Should we de-rail email?

You’ve got mail! Or have you?

Everyone has an email account, right? But is it something you check regularly – or do you have it just because its a signup requirement for most websites? The first incarnation of an email system first surfaced in 1972 and continued to grow over the next two decades. The innovative technology faced a boom in the 1990s and was a popular way for the world to send and receive messages electronically. It was a massive step up from the traditional mail service that we sometimes now refer to as snail-mail.

There was just one problem with email. It wasn’t instant. While the message was sent instantly, the only way the receiver could read it that moment is if they logged into their account, which back in the day was probably provided by AOL. Although Instant Messaging services had been around in one form or another for some time, it was in 1999 that Microsoft launched their MSN Messenger service, in which users could open a chat window and have an  instantly continuous conversation. Who could forget chatting away to robot Smarterchild or sending someone a nudge? Apparently, we can.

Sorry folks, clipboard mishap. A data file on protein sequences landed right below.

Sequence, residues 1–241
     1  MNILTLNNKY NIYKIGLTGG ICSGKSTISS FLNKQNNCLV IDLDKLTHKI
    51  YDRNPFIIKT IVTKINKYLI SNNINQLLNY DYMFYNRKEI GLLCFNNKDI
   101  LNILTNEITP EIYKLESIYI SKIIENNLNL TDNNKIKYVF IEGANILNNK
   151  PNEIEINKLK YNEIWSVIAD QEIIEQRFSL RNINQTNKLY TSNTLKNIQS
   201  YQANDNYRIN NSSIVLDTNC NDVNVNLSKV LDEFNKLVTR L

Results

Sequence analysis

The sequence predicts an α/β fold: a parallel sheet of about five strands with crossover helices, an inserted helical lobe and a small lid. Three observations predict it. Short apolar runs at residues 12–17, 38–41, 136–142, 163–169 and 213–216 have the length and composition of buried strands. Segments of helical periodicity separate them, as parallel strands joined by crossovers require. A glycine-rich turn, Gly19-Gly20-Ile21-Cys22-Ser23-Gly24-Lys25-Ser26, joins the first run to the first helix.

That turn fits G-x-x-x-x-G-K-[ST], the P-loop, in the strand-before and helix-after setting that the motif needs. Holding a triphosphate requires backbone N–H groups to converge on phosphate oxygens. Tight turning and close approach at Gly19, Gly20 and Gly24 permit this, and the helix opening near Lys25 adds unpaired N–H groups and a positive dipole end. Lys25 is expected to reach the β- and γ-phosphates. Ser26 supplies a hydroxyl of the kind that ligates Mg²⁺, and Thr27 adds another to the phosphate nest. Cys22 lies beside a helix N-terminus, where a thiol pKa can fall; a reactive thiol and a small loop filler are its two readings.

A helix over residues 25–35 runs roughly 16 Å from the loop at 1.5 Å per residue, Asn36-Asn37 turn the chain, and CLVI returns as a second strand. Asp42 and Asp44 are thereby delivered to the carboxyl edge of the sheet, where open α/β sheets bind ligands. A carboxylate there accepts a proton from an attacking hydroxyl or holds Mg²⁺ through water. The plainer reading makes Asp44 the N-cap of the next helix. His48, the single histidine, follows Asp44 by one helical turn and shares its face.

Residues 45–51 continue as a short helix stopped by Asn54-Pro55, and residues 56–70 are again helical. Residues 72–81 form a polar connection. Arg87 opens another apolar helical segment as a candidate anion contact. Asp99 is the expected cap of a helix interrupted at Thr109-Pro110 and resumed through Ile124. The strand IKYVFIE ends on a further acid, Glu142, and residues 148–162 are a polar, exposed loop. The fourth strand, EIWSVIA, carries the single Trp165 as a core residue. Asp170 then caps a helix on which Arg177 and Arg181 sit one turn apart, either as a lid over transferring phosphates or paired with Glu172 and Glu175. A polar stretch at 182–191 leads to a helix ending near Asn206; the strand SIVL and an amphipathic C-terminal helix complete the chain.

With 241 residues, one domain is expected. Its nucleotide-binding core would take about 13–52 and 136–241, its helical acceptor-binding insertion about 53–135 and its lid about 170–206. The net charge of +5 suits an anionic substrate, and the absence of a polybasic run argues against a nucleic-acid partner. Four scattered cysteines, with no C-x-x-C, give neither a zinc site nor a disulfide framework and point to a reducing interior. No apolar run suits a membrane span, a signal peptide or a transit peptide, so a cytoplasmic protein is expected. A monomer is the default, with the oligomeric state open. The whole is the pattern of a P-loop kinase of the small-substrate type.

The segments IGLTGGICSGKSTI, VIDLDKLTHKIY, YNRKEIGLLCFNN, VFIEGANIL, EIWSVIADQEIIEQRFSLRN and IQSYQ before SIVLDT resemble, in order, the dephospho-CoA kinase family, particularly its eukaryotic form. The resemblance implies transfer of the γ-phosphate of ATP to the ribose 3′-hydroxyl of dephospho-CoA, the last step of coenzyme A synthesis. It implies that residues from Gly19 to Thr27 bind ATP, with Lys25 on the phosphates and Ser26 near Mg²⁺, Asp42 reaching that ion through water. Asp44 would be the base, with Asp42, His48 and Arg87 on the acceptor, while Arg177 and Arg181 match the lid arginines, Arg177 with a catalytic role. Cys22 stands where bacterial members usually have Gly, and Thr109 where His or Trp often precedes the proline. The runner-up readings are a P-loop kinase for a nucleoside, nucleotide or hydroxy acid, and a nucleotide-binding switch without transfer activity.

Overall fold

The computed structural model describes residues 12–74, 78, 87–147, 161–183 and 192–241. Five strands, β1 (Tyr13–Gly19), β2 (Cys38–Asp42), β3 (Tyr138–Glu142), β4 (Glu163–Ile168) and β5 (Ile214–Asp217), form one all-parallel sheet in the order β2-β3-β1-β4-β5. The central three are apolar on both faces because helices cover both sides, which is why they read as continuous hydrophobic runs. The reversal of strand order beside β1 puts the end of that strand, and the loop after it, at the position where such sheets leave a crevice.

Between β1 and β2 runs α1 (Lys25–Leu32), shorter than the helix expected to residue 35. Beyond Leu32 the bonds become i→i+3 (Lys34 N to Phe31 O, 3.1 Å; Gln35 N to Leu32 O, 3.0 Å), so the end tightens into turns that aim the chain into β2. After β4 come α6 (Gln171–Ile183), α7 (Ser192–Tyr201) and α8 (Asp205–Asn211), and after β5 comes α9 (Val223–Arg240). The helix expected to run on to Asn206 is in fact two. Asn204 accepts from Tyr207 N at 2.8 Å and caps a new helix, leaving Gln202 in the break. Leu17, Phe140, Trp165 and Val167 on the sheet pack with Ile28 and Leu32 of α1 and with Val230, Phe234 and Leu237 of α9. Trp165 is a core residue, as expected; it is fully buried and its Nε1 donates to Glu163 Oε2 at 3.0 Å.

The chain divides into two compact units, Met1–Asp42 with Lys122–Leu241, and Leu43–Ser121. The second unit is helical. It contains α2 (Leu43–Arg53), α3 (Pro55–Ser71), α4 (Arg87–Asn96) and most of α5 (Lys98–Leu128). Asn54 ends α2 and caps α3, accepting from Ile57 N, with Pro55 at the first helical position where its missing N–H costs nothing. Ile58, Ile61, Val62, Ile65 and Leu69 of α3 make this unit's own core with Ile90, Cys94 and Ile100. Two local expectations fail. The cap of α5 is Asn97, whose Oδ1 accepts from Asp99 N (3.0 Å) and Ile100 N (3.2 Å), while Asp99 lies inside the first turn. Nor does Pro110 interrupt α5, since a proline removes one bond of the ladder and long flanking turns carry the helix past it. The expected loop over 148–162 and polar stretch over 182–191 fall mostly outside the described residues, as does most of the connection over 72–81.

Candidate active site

Instant messaging

By 2010, IM services were in decline and the popularity of MSN and AOL’s service AIM was waning significantly.  By 2014, MSN (which, by this time had been helplessly re-branded as Windows Live Messenger), had ceased its operations and had merged with Skype, a far more modern IM service known for its professional feel and ability to make worldwide phone and video calls. Now, IM has been replaced with the convenience of apps such as WhatsApp and Facebook Messenger, which renders the use of email even further into the past. In the social media world, emails appear to be almost redundant and you have to wonder – how long before we’re receiving order confirmations and e-tickets through Facebook Messenger?

How long before this gem of a 90s album track by Britney Spears becomes totally irrelevant to the technology world?